GDF Suez signs Europe-wide agreement on gender equality

In June 2012, GDF Suez, the France-based energy and utilities multinational, signed a European agreement on equality between women and men with three European-level trade union federations. The company hopes the groundbreaking agreement will make a significant contribution to ensuring equal pay for work of equal value for men and women at every level of the company, increase the proportion of women on permanent contracts, and give all workers a better work–life balance.


Based in France, GDF Suez is an electricity, gas and energy environmental services group with 219,000 employees worldwide, around 191,000 of them in Europe. It was created in 2008 by the merger of GDF and Suez (FR0808029I).

For the decade before the merger, Suez had a history of negotiating transnational company agreements (TCAs), some with global scope and some limited to Europe, with its European Works Council (EWC) and with European and French trade union organisations. These included agreements on health and safety, training, profit-sharing, employment and skills management, and equality and diversity (EU0709049I). GDF also signed TCAs with its EWC and European unions on corporate social responsibility (CSR) and on guarantees for employees following the merger with Suez.

Since the merger, transnational negotiating activity has continued at GDF Suez. The group reached a worldwide agreement on fundamental rights, social dialogue and sustainable development with global union federations in 2010 (EU1101011I). In the same year, it signed two accords with European-level union organisations and a special negotiation group of national union representatives. These accords deal with health and safety – this agreement having worldwide scope – and a Europe-wide employment and expertise plan. The deals essentially adapt earlier agreements at Suez.

New agreement

In late 2010, GDF Suez proposed talks over a Europe-wide agreement on gender equality. Negotiations led to a draft agreement in February 2012, which was then ratified by national unions and signed formally on 5 June 2012. The employee-side signatories were:

  • the newly formed EU-level trade union industriAll (EU1205071I);
  • the European Federation of Public Service Unions (EPSU);
  • CEC European Managers (CEC);
  • the members of the special negotiation group.

In a press release on 8 June 2012, GDF Suez announced the signing of a European agreement with social partners on professional equality for women and men (595Kb PDF) that aims to ‘define the conditions enabling unjustified differences, where they exist, to be reduced and removed’. The aim is to achieve equal opportunities and pay equality between women and men, and a better work-life balance for all. The agreement, which is unusually detailed and concrete compared with many TCAs, sets out various principles, commitments and objectives that apply across GDF Suez’s European operations.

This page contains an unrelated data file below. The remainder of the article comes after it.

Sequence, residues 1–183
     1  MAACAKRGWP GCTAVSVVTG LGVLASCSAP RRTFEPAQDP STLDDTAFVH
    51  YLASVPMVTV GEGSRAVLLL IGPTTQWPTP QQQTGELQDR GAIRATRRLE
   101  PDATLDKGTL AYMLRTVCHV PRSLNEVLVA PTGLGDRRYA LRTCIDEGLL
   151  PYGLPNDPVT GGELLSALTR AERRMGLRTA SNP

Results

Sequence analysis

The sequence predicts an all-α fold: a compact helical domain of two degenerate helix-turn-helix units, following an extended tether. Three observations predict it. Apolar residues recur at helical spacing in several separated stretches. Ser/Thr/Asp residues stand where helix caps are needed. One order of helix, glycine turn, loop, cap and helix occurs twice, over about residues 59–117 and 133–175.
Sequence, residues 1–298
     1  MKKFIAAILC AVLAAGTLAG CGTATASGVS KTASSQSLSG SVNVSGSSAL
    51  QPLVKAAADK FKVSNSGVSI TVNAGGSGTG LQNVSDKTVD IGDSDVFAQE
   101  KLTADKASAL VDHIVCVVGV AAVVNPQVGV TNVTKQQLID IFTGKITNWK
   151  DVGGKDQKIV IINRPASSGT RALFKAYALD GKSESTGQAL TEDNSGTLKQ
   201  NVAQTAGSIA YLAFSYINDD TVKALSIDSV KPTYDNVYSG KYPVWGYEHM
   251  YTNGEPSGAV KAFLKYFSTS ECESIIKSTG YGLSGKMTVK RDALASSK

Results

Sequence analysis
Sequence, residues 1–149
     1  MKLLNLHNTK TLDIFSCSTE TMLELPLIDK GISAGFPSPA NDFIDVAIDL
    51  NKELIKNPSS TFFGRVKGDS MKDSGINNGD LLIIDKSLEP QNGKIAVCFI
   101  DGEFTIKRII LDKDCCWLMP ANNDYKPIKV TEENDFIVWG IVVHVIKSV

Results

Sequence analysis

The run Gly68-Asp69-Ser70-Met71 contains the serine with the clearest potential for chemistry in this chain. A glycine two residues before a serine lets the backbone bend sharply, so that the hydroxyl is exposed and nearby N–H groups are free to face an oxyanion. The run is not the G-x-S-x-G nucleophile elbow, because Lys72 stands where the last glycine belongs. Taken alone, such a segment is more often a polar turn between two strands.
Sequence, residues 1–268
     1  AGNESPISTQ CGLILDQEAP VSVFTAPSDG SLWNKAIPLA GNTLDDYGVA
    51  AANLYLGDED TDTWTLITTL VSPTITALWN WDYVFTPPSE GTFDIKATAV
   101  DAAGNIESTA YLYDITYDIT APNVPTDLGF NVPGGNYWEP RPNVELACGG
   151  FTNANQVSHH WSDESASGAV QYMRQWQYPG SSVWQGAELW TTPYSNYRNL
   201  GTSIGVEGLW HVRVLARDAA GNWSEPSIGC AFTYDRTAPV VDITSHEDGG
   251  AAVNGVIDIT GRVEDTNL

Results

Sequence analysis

While many wide-ranging TCAs on CSR and workers’ rights include equality matters, specific TCAs on equality are rare. The few other examples include agreements at energy company Areva (EU0701039I), Danone, Total (FR0904049Q) and UniCredit.

Key points of agreement

The GDF Suez gender equality agreement provides for a range of specific measures and actions, principally aimed at:

  • changing thinking and behaviour, notably through social dialogue;
  • providing information for employees, managers, employee representatives and trade union organisations;
  • guaranteeing equal opportunities in recruitment, equality in career progression and equal access to vocational training;
  • encouraging women’s networking and mentoring, and better representation of women among employee and union representatives;
  • identifying and rectifying gender pay inequalities, and ensuring pay equality;
  • improving work–life balance for all employees;
  • preventing sexual harassment.

The agreement’s concrete objectives include ensuring that, by 2016, women make up at least:

  • 30% of employees recruited on open-ended contracts (women currently make up 19% of the GDF Suez workforce);
  • 25% of all executives with open-ended contracts.

The agreement requires the introduction of equality action plans at the level of individual GDF Suez group companies with more than 150 employees, and it says union and employee representatives must be consulted on these. The plans will cover the issues and objectives set out in the European agreement and must be jointly reviewed each year on the basis of a set of indicators contained in the agreement.

A European-level commission, made up of the signatories, will review application of the agreement annually on the basis of an agreed set of equality indicators.

The agreement states that its provisions must not be used as a means of lowering existing statutory or agreed gender equality standards.


GDF Suez said the aim of the agreement is to ‘make equality a reality by promoting equal opportunities and equal treatment in order to encourage diversity at every level of the company’. It added that the accord consolidates GDF Suez’s ‘commitments as a benchmark employer’, and emphasises its ‘innovative and socially-responsible approach’.

EPSU’s Deputy General Secretary, Jan Willem Goudriaan, said:

We expect that this agreement will contribute to ensuring equal pay for work of equal value for the men and women working in the company as well as bringing about a better balance in professional and family life. The focus now shifts to the implementation at local level. We expect a high commitment by local management to improve the situation for workers so that the company lives up to its goal to be an employer of reference.

Mark Carley, SPIRE Associates

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